Copyright is a legal form that protects creativity and intellectual property. Although there is no clear answer for AI-generated works, it is likely that they will be protected by copyright in certain cases. In principle, copyright applies to all types of works that can be considered creative and original. However, there is some ambiguity as to whether AI works are also eligible for protection. Since AI algorithms are based on human knowledge and intelligence, there is some debate as to whether they qualify as personal creations. It can be argued that AI works that produce a creative and original performance are in the protected category. These AI works can, for example, be images, music or texts generated by AI algorithms. However, the question of authorship is difficult to answer. Some experts argue that the author is the programmer who developed the AI‘s algorithms. Other experts argue that the AI itself is the author, since it performs the creative and original work.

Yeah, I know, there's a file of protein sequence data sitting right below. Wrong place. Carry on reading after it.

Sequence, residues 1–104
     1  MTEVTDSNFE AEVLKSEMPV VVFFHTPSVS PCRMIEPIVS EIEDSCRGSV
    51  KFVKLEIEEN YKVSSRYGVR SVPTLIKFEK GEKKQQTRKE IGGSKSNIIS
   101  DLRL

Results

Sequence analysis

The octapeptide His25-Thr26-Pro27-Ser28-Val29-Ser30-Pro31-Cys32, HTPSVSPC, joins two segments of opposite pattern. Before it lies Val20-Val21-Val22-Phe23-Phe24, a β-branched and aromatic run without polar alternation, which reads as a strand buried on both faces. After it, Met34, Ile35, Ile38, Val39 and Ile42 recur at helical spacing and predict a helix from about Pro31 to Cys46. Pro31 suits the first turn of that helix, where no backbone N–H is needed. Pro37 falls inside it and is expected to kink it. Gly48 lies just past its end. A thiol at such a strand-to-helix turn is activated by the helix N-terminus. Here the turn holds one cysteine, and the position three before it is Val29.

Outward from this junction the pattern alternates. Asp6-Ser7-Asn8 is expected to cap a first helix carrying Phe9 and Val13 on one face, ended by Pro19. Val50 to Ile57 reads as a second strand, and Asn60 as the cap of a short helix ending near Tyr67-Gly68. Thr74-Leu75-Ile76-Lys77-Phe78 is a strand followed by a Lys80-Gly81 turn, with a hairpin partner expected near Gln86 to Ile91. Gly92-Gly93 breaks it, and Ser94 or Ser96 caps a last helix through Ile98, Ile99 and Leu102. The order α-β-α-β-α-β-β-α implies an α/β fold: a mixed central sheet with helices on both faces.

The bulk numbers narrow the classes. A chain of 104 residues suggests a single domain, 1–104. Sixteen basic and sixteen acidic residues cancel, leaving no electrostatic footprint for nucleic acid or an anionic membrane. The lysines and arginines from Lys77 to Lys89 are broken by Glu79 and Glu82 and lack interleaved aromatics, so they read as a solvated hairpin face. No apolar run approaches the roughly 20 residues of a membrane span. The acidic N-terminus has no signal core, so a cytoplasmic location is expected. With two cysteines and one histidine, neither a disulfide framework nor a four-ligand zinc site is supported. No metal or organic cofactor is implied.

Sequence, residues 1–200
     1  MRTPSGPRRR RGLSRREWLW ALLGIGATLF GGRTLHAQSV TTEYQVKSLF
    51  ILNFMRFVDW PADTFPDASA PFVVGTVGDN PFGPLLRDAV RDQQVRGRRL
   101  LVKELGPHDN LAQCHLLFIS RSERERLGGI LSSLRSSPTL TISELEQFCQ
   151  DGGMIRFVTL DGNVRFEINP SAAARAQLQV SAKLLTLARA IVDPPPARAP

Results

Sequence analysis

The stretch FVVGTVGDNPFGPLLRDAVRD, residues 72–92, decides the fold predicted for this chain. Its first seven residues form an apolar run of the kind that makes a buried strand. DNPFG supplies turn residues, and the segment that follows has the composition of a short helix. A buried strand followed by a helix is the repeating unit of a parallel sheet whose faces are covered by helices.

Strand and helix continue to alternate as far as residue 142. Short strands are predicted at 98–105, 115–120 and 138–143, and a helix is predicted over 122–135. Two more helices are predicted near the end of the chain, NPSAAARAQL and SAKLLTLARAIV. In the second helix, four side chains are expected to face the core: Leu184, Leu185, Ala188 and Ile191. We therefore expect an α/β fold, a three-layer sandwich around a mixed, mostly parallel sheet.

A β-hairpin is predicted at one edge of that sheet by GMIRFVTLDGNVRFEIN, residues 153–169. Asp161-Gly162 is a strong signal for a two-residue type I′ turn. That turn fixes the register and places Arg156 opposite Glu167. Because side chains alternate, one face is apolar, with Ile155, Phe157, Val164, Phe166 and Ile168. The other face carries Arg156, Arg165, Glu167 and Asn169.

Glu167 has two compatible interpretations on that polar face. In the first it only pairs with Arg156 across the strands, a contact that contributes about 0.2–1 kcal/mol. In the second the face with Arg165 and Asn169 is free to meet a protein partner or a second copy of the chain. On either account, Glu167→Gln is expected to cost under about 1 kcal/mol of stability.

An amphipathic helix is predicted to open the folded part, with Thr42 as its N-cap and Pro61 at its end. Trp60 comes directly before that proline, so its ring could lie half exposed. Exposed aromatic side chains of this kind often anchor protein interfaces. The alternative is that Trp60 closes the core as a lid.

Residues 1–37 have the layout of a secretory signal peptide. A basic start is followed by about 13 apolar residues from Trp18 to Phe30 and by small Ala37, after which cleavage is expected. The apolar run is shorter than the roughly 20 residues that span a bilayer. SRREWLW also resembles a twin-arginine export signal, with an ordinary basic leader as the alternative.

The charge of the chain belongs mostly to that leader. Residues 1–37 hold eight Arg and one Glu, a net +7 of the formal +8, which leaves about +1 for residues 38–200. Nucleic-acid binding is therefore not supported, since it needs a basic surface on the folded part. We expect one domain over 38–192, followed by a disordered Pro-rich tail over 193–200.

You might be surprised to learn that this text was not created by a human, but by an AI (artificial intelligence). AI is able to create content in a very short time that is in no way inferior to that produced by human authors in terms of quality and structure. This poses a major challenge for copyright law, because it is becoming increasingly difficult to distinguish machine-generated from human-generated content. Another problem is that no clear line can be drawn as to who is the legal owner of such a text. Should the AI itself be considered the author? Or the AI’s creator? It is therefore important that regulations are created to govern the rights and obligations of AI content creation. This is an extremely complex challenge, but one we must face if we are to protect the creative freedom of all authors and the integrity of copyright.